Student Loan Repayment Looms for New Clinicians If you’re just entering the workforce, check out these tips for figuring out student loan repayment schedules and loan forgiveness requirements. Make It Work
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Make It Work  |   September 01, 2015
Student Loan Repayment Looms for New Clinicians
Author Notes
  • Neil Snyder is ASHA director of federal advocacy. nsnyder@asha.org
    Neil Snyder is ASHA director of federal advocacy. nsnyder@asha.org×
Article Information
Practice Management / Make It Work
Make It Work   |   September 01, 2015
Student Loan Repayment Looms for New Clinicians
The ASHA Leader, September 2015, Vol. 20, online only. doi:10.1044/leader.MIW.20092015.np
The ASHA Leader, September 2015, Vol. 20, online only. doi:10.1044/leader.MIW.20092015.np
Am I eligible for a federal student loan forgiveness program?
ASHA staff regularly receive this question, and others related to federal student loan policies, from members who want to reduce or even eliminate their student loans. As another academic year begins, here is some basic information that should help.
General requirements. To be eligible for any program, however, the applicant must have the required certification or licensure and work in a particular setting (such as a low-income school) for a specified period of time (typically five or 10 years). The loan must be a specific kind of federal loan (private loans are not eligible for forgiveness).
ASHA members are not eligible for all federal loan forgiveness programs. Unfortunately, schools districts, financial aid departments and loan servicers often incorrectly refer ASHA members to the federal Math, Science, and Special Education Teacher Loan Forgiveness Program, believing that speech-language pathologists are eligible for special education loan forgiveness. This program, which offers up to $17,500 in loan cancellation after five years of service in a low-income school, is limited to those who hold teaching certificates, disqualifying ASHA members in most states. However, graduates of some master’s programs in speech-language pathology, such as the State University of New York Buffalo, hold dual certification, and would be eligible for this loan forgiveness program.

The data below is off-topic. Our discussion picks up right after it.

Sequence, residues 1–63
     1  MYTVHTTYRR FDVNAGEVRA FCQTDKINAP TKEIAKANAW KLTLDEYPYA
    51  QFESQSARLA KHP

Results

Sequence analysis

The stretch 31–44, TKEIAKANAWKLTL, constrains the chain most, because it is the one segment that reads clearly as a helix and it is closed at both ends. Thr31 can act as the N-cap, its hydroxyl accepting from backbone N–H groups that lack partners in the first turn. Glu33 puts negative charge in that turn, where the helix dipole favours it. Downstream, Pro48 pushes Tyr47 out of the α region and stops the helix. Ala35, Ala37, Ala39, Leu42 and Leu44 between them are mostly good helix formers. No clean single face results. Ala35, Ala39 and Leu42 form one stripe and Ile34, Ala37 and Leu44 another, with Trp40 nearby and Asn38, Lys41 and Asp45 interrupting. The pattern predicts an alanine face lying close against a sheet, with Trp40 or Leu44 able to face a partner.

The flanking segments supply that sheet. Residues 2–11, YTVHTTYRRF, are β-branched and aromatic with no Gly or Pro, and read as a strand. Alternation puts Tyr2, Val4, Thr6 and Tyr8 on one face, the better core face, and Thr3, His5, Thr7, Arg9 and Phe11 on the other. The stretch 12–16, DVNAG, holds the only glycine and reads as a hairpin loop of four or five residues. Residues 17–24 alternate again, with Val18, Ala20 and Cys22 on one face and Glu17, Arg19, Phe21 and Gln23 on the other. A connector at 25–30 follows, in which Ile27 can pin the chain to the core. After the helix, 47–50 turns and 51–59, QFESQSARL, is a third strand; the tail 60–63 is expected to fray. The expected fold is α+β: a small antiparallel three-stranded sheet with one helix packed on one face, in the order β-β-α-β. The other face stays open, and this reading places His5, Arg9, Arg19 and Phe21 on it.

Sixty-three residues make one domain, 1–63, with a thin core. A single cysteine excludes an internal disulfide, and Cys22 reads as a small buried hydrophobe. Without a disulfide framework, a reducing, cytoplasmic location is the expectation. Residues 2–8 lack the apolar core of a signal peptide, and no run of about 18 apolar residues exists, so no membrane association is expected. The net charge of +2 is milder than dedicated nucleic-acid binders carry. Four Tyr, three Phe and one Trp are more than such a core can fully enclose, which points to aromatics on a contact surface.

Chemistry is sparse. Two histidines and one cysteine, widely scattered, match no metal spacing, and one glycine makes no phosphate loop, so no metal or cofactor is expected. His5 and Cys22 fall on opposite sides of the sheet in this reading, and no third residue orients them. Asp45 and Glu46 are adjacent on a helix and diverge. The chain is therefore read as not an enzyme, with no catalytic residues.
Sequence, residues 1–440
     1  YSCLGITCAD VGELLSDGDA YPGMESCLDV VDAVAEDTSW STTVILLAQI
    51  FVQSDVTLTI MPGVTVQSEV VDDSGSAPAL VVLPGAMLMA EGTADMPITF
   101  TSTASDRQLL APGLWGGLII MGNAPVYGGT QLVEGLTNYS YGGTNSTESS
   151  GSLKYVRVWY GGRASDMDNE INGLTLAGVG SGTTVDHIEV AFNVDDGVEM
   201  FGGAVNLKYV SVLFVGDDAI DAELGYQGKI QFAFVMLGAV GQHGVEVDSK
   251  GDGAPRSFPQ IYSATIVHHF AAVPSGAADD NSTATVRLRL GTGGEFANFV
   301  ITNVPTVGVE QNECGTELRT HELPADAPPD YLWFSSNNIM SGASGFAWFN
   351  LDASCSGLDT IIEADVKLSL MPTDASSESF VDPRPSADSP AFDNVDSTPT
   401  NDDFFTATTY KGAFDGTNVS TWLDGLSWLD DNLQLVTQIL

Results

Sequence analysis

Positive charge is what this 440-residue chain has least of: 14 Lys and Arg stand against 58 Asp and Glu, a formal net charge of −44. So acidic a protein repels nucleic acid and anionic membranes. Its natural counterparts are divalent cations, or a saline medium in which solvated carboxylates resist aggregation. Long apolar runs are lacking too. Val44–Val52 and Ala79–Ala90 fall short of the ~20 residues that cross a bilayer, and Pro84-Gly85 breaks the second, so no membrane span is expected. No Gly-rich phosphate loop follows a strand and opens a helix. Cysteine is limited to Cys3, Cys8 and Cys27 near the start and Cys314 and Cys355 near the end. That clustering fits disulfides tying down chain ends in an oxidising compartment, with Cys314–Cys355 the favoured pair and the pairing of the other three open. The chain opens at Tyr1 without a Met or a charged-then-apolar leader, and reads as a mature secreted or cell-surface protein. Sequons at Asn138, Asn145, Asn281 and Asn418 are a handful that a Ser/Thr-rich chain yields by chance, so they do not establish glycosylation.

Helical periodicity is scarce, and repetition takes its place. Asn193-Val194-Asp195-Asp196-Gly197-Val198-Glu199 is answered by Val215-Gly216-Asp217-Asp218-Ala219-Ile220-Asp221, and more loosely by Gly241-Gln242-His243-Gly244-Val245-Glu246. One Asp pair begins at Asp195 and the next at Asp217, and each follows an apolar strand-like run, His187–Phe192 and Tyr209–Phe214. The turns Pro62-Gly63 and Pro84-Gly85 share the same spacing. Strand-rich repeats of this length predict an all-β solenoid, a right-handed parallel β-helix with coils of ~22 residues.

ASHA members may be eligible for other federal loan forgiveness programs. These include:
  • Perkins loan forgiveness of up to $5,000.

  • Teacher shortage area loan forgiveness of up to $5,000 (depends on each state’s declaration of shortages in any school-based profession).

  • Public Service loan forgiveness.

Repayment plans. ASHA members may be eligible for a variety of different loan repayment plans that adjust payments to the borrower’s income.
Interest rates. Lowered interest rates are in effect for the 2015–2016 academic year. The rate for undergraduate direct loans fell from 4.66 percent to 4.29 percent. Graduate and professional direct loan borrowers will pay 5.84 percent, down from 6.21 percent last year. Interest on direct PLUS loans fell from 7.21 percent to 6.84 percent.
4 Comments
September 3, 2015
Emily Mohr
Public Service Loan Forgiveness.
What about public service loan forgiveness for SLPs who work for public schools? They're the definition of not-for-profit. https://studentaid.ed.gov/sa/repay-loans/forgiveness-cancellation/public-service
September 4, 2015
Kaitlin Bugaile
State of PA - teacher forgiveness
In the article it says that SLPs are disqualified in most states for the Teacher Loan Forigveness; however, in the state of Pennsylvania we are required to have a teacher certification as well, so does that make as eligible?
September 5, 2015
Carol Polovoy
Make sure you meet all of the requirements
Kaitlin, Neil Snyder says that yes, if you meet ALL the eligibility requirements, you may apply!
September 13, 2015
Latisha Elliott-Gayle
Loan Forgiveness
I received my loan forgiveness but I am certified as a speech-language pathologist under teacher certification in CT.
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September 2015
Volume 20, Issue 9